It’s hard to say now how this will play out. Perhaps, the expected massive job losses will be balanced out by the projected reduction in populations. Even then though, there will still be a shortage of young workers whose social security contributions will have to pay the pensions of an increasing number of old people. As governments struggle to balance budgets, the results of this will be increased austerity. Unfortunately, this is the optimistic view. In reality, massive economic restructuring tends to attack working-class living standards. Markets do not tend to balance themselves out in the interests of ordinary people. That is not their purpose. What they actually do is to concentrate the accumulation of capital, to put it in very simple terms, to make the rich richer and the poor poorer. In a year when Taylor Swift became popular musics first billionaire, it is easy to see how this will be balanced by increased hardship for those at the bottom.

It’s hard to draw a balance sheet of 2023, and to retrain a positive outlook. Nevertheless, as an organisation committed to radical political change, for us it is essential. We see the cause of all of the horrors of the modern world, from war, and genocide, through climate disaster, and refugee crisis, to mass unemployment caused by technological change as lying in an economic system based on profit and exploitation. We believe that only the destruction of this system can bring about a world without war and suffering, and that this change can only be brought about by the majority of the world’s population, the working class taking control of society.

In contrast to the darkness that we see daily in the news, we also see glimmers of hope. 2023 has seen an increase of workers’ struggles to protect their economic interests. Across Europe workers used strike action to defend themselves from attacks on wages and conditions. A well-publicised example of this is the UK where the number of working days lost to strikes was nearly two and a half million, the highest level since the 1980s. It’s true that all across the world pay is running behind inflation, but these sort of figures show that workers are willing to fight. The UK stands out as it is one of the largest European countries. Two and a half million is a large number. If we look at the data more deeply though, we can see that Norway, Denmark, Sweden, Italy, Cyprus, Finland, Belgium, Spain, and Austria all had more strike days lost per worker than Britain.

In first place in Europe though was France with the protests against the pension reform bill to increase the retirement age from 62 to 64. Millions of people stopped work, and even more took to the streets in an effort to stop this bill. Of course the willingness of French workers to struggle is one of the main reasons that their retirement age was so low in the first place. In the end, after four and a half months, the struggle was defeated. It still remains though that workers are prepared to struggle, and that this willingness will deter the bosses from further attacks in the coming years.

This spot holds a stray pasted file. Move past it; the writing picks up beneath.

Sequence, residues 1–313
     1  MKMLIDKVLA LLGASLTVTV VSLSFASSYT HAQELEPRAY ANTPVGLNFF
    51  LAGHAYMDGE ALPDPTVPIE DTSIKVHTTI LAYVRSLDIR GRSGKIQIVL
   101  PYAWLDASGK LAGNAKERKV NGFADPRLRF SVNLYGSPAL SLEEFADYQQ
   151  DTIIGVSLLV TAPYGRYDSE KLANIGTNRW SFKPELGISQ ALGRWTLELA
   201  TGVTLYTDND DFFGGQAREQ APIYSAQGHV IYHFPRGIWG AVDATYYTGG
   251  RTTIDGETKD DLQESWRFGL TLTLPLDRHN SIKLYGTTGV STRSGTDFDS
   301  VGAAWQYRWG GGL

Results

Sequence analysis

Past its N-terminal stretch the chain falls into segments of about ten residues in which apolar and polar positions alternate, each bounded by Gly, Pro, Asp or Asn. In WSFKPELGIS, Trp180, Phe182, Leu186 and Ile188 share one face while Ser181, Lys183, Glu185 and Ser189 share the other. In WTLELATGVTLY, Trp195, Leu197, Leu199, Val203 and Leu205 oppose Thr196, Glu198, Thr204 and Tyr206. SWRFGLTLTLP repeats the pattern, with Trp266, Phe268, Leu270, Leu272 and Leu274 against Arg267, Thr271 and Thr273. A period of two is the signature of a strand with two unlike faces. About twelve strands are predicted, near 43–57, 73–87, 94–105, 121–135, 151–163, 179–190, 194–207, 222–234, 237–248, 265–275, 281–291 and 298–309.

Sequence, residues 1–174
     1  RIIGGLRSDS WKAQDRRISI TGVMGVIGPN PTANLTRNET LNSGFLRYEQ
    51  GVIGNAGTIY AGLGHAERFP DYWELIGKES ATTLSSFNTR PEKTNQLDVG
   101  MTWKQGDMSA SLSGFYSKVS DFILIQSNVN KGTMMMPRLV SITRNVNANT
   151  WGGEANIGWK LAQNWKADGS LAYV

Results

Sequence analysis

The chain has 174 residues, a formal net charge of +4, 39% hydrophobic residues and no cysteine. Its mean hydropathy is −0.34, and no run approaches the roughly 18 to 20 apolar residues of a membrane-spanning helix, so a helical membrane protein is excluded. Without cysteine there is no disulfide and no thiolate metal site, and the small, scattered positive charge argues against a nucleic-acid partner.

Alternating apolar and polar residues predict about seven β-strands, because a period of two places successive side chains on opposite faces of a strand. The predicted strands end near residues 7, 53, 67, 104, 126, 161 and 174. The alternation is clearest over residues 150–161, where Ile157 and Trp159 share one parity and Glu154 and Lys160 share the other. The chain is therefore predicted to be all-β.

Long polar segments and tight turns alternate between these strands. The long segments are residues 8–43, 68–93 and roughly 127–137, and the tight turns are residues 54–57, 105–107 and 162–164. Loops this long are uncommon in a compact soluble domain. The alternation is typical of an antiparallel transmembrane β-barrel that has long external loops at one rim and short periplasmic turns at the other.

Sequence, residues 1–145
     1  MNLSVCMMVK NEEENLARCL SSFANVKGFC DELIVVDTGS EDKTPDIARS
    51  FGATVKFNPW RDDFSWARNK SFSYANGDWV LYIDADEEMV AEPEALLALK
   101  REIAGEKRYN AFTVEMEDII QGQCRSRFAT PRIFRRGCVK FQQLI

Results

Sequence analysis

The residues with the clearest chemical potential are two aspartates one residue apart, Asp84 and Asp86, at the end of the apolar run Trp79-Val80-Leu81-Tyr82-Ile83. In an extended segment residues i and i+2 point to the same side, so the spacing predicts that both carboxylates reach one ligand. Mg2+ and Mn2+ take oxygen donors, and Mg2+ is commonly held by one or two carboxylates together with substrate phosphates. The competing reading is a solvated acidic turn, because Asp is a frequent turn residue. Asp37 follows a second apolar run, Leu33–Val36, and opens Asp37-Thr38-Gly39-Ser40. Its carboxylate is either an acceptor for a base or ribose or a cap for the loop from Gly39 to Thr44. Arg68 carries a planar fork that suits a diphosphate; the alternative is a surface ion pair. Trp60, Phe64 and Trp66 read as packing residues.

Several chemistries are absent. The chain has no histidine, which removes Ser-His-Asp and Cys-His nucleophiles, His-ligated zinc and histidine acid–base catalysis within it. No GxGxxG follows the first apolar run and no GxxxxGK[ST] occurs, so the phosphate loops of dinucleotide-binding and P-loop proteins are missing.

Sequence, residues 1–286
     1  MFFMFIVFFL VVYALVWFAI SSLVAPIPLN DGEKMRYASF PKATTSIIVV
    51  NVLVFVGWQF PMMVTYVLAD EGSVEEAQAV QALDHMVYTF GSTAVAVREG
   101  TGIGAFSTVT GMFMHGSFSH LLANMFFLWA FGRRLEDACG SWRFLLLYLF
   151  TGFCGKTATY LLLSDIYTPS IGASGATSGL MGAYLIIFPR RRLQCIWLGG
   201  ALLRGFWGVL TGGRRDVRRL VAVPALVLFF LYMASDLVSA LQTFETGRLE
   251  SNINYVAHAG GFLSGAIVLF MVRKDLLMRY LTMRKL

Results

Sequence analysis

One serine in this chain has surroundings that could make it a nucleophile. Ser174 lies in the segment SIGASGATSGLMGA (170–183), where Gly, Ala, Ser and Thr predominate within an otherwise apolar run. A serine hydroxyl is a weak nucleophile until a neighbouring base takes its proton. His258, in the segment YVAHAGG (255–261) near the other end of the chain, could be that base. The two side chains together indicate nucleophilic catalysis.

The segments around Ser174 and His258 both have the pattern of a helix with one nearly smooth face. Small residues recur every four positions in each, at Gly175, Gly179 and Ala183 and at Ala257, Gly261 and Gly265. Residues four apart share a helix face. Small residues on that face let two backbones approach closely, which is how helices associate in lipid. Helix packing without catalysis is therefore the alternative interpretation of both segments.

Across the world many countries saw a resurgence of workers actions, transport workers and teachers in South Korea would be one notable example, but perhaps deserving of a special mention are the strikes in the United States where the working class has long been quiet. The US media dubbed this year the ‘hot strike summer’, and over half a million workers took part in over four hundred strikes, notable mentions include a large victory in the automobile sector, the longest ever health workers strike, and even Hollywood actors and writers going on strike to make a total of over eleven million days lost to strike action over the year.

Another cause for hope has been the number of people willing to demonstrate against war. Despite, in many cases, these protests being banned by the state. These protests go from the small taking place in difficult conditions such as women demonstrating in cities across the Ukraine, and demonstrations in Tel Aviv against the slaughter in Gaza, to the massive demonstrations of a million in more in London and Istanbul.

Along with a resurgence in working-class activity, which has characterised the last year, we see in the willingness to reject war, a sign of hope for the future. We accept that many of these strike movements are weak, and that in many demonstrations ostensibly against war, there are tendencies to take the side of one of the belligerents. However, we feel that overall, the willingness of the working class to engage in struggle, and the willingness of people across the world to reject the horrors of war, are positive signs for the future.